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In Memoriam

Rusty Magee

A Celebration of our Beloved Friend

Riverside Memorial Chapel
New York City

Sunday, March 2, 2003

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Mason Pettit

Co-Founder of Moonwork
a Manhattan Theater Company

Alison has asked me to read a note that was sent to Rusty by a woman who had watched him perform on several occasions at Moonwork:

It's a quiet autumn night in New York City. And I sense that there are symphonies to be heard in the simple wrinkles that make up this quotidian fabric when I choose to listen. I somehow know, or maybe I remember . . . that listening makes you sensitive. It shakes you awake, it allows everything that came before you and everything that will follow, to infuse your life with color, meaning, texture, and permanence . . . because I think when you are brave enough to listen to the quietly insistent beauty of things, you become connected . . . to all the music makers, dreamers, wanderers, poets, and lovers . . . and then you become part of the symphony . . . with your own music, and words, and thoughts: the beauty becomes a part of you and you a part of that beauty. an infinite Ferris wheel of light. Rusty, I saw you waving to me from that Ferris wheel the moment I first saw you -- it is there for you always, because you have made yourself a part of it. I can't wait to hear you sing again.
Much love,
Gabrielle :-)

My name is Mason Pettit, and I’m one of the founders of Moonwork, a theater company that joyfully bears the unmistakable imprint of Rusty Magee.

In 1999, following our first major New York show, my partners and I had a meeting to figure out what we should do as a follow up.
We were making lists of who we could call to hang lights, who owned a sewing machine, or who could make program copies at their office. We then tried to shape the idea that would become our next show. And the question was posed, “So, What have we got?” The answer was, simply, “Well, we got Rusty.”
Rusty had, after like 30 seconds of his first performance with us, become the reason to see our weird Saturday night comedy show, descriptions of his “f-minor song odyssey” and “The Lick”, or his deconstruction of Jim Steinman songs drew so many people our way. He was our draw and our closer. And he made the chorus of “Brown Eyed Girl” our Saturday night anthem.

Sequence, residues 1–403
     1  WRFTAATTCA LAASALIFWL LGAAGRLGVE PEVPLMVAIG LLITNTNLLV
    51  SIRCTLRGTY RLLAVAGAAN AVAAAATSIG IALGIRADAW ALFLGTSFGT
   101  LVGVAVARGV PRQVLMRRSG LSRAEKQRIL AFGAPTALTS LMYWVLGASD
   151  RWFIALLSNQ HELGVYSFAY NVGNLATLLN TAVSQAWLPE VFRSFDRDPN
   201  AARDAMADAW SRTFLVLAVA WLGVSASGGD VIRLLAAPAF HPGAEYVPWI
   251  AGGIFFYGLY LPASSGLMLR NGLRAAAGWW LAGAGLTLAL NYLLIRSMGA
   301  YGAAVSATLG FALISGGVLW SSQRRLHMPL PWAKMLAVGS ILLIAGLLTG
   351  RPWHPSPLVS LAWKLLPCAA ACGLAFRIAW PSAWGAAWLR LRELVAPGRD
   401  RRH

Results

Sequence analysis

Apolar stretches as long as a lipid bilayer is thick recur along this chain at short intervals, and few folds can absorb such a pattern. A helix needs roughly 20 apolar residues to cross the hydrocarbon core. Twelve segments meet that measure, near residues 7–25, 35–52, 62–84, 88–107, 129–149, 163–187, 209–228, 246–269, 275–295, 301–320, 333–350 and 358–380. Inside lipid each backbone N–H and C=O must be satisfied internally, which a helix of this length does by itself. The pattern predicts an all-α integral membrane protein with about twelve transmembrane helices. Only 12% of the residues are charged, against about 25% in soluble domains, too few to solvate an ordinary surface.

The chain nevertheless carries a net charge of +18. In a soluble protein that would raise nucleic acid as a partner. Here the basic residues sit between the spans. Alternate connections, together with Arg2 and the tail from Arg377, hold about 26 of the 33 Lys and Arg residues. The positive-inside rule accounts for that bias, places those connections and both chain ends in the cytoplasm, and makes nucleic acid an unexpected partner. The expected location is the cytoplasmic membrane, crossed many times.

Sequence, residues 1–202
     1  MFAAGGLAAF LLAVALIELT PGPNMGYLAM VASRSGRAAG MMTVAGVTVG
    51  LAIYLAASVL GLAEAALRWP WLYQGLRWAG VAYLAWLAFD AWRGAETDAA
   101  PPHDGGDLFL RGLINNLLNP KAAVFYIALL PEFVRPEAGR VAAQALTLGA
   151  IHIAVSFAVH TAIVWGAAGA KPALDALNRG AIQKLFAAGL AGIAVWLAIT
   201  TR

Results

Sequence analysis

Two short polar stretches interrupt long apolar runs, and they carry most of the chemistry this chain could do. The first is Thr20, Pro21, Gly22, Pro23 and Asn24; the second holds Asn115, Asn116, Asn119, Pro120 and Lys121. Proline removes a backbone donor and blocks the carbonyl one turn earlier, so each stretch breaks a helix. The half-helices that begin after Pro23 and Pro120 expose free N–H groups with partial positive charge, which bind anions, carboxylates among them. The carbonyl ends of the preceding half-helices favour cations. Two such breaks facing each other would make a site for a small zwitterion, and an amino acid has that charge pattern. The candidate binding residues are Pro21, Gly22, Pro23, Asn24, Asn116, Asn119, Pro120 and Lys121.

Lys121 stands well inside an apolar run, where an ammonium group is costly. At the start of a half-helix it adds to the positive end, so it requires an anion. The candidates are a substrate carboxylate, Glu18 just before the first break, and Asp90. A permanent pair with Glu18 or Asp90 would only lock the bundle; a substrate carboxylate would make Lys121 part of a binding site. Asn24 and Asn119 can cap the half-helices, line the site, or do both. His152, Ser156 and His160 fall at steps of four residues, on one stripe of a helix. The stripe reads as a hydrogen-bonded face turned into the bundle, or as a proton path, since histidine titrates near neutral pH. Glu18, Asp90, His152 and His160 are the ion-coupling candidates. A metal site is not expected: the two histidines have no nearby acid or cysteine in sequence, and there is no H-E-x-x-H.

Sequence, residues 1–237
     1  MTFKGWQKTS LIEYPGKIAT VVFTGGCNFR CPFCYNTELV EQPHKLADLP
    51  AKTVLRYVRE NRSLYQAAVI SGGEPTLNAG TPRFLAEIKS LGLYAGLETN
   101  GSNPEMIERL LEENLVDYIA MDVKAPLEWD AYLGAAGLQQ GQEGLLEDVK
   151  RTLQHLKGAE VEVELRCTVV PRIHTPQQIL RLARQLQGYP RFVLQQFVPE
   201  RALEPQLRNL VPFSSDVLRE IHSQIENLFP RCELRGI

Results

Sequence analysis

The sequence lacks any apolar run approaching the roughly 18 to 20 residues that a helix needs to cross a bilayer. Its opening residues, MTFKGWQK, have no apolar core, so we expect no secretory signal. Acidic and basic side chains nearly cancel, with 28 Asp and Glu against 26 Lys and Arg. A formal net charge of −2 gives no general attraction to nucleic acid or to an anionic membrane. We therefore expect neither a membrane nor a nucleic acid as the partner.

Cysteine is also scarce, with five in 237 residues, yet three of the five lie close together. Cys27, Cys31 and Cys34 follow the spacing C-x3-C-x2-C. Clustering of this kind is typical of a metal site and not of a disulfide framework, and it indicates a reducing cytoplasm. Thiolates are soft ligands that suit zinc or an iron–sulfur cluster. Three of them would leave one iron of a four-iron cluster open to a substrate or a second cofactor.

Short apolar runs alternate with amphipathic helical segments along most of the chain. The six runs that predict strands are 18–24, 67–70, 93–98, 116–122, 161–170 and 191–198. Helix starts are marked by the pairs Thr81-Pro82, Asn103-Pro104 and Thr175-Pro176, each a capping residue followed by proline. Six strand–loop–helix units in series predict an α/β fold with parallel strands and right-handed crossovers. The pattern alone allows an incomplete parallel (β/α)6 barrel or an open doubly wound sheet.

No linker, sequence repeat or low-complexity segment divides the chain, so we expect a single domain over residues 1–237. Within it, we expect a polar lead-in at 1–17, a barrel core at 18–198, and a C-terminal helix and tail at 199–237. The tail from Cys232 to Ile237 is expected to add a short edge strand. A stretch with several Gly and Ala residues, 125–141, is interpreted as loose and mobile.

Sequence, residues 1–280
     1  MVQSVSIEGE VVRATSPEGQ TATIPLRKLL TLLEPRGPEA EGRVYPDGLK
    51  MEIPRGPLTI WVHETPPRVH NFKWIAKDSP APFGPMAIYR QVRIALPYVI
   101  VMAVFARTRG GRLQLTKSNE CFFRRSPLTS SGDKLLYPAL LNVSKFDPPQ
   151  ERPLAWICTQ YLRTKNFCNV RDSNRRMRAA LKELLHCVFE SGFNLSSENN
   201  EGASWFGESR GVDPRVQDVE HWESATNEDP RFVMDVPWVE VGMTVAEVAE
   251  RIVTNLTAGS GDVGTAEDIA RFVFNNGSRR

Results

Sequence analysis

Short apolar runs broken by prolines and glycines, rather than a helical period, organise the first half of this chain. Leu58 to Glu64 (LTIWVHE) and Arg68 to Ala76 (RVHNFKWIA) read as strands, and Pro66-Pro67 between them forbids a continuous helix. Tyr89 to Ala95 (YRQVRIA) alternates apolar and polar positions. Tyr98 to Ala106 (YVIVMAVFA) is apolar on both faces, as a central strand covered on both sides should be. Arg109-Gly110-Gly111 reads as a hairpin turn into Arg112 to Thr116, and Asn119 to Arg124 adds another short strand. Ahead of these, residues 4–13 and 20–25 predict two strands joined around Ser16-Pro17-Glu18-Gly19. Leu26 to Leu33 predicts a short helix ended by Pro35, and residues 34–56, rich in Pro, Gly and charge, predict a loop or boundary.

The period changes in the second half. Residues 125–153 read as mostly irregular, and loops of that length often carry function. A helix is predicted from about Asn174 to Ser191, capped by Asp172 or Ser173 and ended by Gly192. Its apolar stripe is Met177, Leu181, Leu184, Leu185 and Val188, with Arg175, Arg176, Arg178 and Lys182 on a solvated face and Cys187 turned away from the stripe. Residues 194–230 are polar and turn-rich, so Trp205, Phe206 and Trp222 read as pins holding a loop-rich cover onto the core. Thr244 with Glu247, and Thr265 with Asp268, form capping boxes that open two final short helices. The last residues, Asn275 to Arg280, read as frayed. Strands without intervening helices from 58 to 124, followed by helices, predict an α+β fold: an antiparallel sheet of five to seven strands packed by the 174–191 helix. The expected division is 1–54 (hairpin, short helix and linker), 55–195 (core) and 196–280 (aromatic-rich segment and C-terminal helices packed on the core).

So we asked. And we got Rusty. We asked him to take the play within a play of Pyramus and Thisbe, from A Midsummer Night’s Dream, and set it to music. What he came up with served as a gorgeous exclamation point on a show that at its core is a love song about magic as it exists around us. The New York Times praised that show, specifically, “when the company gives giddy voice to the composer Rusty Magee's witty and surprisingly melodious score.” And who better to dream up the music for a play about magic than a man who for us, consistently delivered just that.
For these last weeks I’ve been sitting with these memories; songs from three musicals, thirty minute sets to close any given Saturday night comedy show, his whispered play-by-play of Knicks playoff basketball from his walkman backstage, his time working with our actors to get their songs just right, and of course, his “Brown Eyed Girl.”

And then I realized it wasn’t that “we got Rusty.” It was that Rusty got us. He saw what we we’re striving for before we did, he knew what our downtown version of his West Bank “free” show
could be, he knew what our Shakespeare was ready to become, he lived in the world we were desperate to join.
We will miss his extreme talent, his enthusiasm and passion for his time on our stage, his good humor, and most of all his friendship. He gave us all the company of someone who could do something we couldn't, someone who took a beat-up piano and made a small show seem huge, and, for far too short a time, set our Saturday nights to music.
Thank you for the beautiful soundtrack of these past years.
Thanks, joyful thanks. And our sweetest appreciation.
We consider ourselves lucky, that even for a short while, we got Rusty.

And now, Rebecca Luker will sing a song that Rusty wrote for the Moonwork show, “Voices From The Hill”, adapted from the Walt Whitman Poem “Thanks in Old Age,” entitled Sweet Appreciation.

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